A Securities and Exchange Commission examination sweep has found significant weaknesses in how registered investment advisors hired, supervised and disclosed information about employees with disciplinary histories.
In a Wednesday Risk Alert, the agency’s Office of Compliance Inspections and Examinations revealed the results of 50 exams it conducted of RIAs that previously employed, or currently employ, any individual with a history of disciplinary events.
The RIAs collectively managed approximately $50 billion in assets for nearly 220,000 clients, the vast majority of whom were retail investors.
Advisors were identified for examination through a review of information about disciplinary events and other legal actions involving supervised persons of the advisor, including legal actions that are not required to be reported on Form ADV.
OCIE staff observed that nearly half of the disclosure-related deficiencies of the advisors examined were due to the firms providing inadequate information regarding disciplinary events.
For instance, advisors omitted material disclosures regarding disciplinary histories of certain supervised persons or the advisor itself.
“Often the disciplinary omissions related to supervised persons occurred because the advisors solely relied on these supervised persons to self-report to the firms information about their required disclosures,” the alert states.
OCIE also found that advisors included incomplete, confusing or misleading information regarding disciplinary events.
The RIAs at times failed to include the total number of events, the date for each event, the allegations, or whether the supervised persons were found to be at fault (i.e., whether fines, judgments or awards, or other disciplinary sanctions were imposed).
Some RIAs also failed to update disclosure documents and deliver them to clients after a new disciplinary event, the alert states.
Disclosure of Conflicts
OCIE also found that several advisors had undisclosed compensation arrangements, which resulted in conflicts of interests that could have affected the impartiality of the advice the supervised persons gave to their clients.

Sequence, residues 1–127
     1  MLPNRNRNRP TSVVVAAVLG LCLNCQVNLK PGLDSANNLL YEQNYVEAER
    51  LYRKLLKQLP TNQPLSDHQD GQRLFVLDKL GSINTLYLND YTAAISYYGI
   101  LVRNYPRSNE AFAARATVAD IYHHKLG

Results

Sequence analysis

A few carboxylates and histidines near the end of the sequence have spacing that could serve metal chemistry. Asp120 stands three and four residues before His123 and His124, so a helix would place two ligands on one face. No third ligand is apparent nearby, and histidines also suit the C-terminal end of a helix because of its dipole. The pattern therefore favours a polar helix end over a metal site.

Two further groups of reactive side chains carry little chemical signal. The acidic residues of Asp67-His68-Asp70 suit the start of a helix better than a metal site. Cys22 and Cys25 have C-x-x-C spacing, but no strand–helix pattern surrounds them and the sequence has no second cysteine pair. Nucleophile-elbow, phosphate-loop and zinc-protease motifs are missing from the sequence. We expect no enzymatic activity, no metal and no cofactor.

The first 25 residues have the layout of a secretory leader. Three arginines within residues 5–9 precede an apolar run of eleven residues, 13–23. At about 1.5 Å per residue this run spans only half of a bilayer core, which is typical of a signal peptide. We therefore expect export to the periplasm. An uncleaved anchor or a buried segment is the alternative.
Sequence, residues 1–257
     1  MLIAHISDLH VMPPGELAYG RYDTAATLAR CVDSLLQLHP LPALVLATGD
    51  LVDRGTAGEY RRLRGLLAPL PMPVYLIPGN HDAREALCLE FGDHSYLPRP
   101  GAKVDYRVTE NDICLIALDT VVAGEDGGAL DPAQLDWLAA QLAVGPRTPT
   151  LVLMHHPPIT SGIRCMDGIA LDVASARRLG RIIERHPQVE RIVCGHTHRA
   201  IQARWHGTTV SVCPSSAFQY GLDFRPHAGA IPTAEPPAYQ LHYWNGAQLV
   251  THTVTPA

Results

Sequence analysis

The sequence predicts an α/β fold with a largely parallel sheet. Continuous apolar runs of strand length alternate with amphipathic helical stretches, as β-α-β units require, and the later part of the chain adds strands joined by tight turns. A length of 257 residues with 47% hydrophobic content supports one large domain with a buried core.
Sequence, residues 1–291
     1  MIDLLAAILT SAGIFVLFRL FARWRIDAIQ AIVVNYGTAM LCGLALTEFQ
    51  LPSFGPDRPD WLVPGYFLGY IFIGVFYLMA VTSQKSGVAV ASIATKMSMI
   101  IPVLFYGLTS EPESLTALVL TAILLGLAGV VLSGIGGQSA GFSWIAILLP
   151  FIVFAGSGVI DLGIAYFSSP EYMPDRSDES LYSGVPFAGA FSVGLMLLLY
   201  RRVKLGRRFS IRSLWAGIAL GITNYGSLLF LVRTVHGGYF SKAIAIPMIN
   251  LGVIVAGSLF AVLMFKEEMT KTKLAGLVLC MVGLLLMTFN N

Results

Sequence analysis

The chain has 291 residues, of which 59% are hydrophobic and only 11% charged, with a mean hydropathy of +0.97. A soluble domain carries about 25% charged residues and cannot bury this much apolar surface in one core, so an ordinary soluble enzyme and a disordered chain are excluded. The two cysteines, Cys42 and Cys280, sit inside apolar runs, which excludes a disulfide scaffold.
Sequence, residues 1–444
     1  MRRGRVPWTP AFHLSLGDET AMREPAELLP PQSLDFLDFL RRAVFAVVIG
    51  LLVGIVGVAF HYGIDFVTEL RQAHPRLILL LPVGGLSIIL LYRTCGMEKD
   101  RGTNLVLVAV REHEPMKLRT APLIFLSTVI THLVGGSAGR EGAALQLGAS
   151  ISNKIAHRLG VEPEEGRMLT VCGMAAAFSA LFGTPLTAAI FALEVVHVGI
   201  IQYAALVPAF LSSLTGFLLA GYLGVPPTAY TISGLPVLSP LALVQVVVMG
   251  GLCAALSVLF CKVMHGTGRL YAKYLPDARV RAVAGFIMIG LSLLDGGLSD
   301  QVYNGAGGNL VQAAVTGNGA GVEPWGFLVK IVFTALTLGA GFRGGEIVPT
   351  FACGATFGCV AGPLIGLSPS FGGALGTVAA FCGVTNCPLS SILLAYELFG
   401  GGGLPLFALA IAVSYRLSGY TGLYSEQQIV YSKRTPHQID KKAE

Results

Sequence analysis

Some advisors failed to disclose that forgivable loans were made to the advisors or their supervised persons, the terms of which were contingent upon certain client-based incentives that may have unduly influenced the investment decision-making process, resulted in higher fees and expenses for the affected clients, or both.
Many advisors also failed to adequately supervise or set appropriate standards of business conduct for their supervised persons, while several advisors had adopted policies and procedures that were inconsistent with their actual business practices and disclosures.
Areas of inconsistent compliance practices most frequently cited by the staff involved those addressing commissions, fees, and expenses (e.g., solicitation fees, management fees, compensation related to hiring personnel, and oversight of firm compensation practices, including such practices within branch offices).
OCIE encouraged advisors, when designing and implementing their compliance and supervision frameworks, to consider the risks presented by, as well as the disclosure requirements triggered by, the hiring and employing of supervised persons with disciplinary histories and to adopt policies and procedures to address those risks and disclosure requirements.
“How many times must OCIE warn the industry about compliance, and how many enforcement actions will it take, before firms implement a legitimate compliance program?” Cipperman Compliance Services said of the alert. “An investment advisor should spend at least 5% of revenue on compliance, hire a dedicated Chief Compliance Officer, adopt tailored policies and procedures, test the program every year, and prepare a written compliance report of deficiencies and remediation.”
— Related on ThinkAdvisor: